Our Somatic Stretches blog includes some simple stretches you can try to release tension and increase body awareness.

Body-Oriented Therapies

Therapies such as massage, acupuncture, somatic yoga, and dance/movement therapy involve working with the body to promote healing and well-being (1). These practices can help you develop a deeper connection with your body and become more aware of its needs.

  1. Explore different types of body-oriented therapies and find one that resonates with you
  2. Be open to the process and allow yourself to fully experience the sensations and emotions that may arise during these sessions

Check out our Somatic Breathwork guide for more detailed instructions and techniques. 

See also
Somatic Breathwork: A Holistic Approach to Well-Being

Body Mapping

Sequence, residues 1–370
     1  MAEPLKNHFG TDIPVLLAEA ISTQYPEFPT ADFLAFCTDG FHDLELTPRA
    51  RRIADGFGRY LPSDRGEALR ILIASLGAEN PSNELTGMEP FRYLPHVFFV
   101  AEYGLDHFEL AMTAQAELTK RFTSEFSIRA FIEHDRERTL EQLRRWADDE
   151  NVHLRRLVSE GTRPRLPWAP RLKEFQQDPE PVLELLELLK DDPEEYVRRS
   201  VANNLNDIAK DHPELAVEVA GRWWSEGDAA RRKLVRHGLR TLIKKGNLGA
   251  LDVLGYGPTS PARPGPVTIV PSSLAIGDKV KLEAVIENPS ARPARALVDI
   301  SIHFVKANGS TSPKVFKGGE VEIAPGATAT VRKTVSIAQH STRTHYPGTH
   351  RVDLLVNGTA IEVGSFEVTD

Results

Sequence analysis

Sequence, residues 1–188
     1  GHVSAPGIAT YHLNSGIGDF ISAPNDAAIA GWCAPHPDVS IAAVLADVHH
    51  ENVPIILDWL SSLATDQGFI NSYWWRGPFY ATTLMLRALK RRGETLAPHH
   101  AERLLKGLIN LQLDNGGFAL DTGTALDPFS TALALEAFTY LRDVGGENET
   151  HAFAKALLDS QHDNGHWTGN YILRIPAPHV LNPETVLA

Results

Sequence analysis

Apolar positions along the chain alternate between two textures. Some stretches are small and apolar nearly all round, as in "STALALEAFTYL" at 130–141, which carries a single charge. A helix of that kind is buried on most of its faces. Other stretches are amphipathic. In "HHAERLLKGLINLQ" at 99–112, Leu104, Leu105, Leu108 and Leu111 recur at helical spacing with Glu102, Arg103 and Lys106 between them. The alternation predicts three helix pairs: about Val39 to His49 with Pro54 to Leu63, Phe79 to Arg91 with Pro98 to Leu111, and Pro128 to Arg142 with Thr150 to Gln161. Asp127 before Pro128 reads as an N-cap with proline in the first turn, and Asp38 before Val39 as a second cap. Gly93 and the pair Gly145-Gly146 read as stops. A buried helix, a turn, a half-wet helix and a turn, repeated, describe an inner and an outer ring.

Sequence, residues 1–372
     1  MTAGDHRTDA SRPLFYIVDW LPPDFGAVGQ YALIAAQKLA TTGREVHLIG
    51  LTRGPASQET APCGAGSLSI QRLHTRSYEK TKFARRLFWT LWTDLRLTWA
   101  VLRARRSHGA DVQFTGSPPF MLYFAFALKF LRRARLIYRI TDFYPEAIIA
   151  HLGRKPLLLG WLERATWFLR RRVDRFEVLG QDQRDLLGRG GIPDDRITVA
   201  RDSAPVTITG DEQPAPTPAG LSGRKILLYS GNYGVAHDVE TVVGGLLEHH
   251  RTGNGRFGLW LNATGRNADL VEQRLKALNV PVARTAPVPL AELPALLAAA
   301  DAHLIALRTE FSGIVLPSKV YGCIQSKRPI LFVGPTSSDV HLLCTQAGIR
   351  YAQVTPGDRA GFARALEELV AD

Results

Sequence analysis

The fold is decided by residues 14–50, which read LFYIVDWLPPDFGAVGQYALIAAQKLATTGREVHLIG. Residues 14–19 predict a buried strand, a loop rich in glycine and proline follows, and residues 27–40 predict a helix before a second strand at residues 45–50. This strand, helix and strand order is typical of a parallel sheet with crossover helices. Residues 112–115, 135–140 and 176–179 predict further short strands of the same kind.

Body mapping is a practice that involves drawing a map of your body and labeling areas where you feel different sensations. This can help you become more aware of how your body responds to various stimuli and better understand its needs (7).

  1. Take a few minutes each day to draw a body map and label any sensations you’re feeling in different areas
  2. Use different colors or symbols to represent various sensations, such as tension, discomfort, or warmth. Be creative as possible in expressing these emotions/feelings 
  3. Over time, reflect on your body maps and notice any patterns or changes in how your body responds

Somatic Therapy

You may find it beneficial to work with a therapist who specializes in somatic therapy. This type of therapy focuses on helping you connect with your body and develop a deeper understanding of how your thoughts, emotions, and physical sensations are interconnected (13).

  1. Research therapists in your area who offer somatic therapy
  2. Schedule an initial consultation to see if this type of therapy is right for you
  3. Be open and honest with your therapist about your goals and any challenges you may be facing in building somatic awareness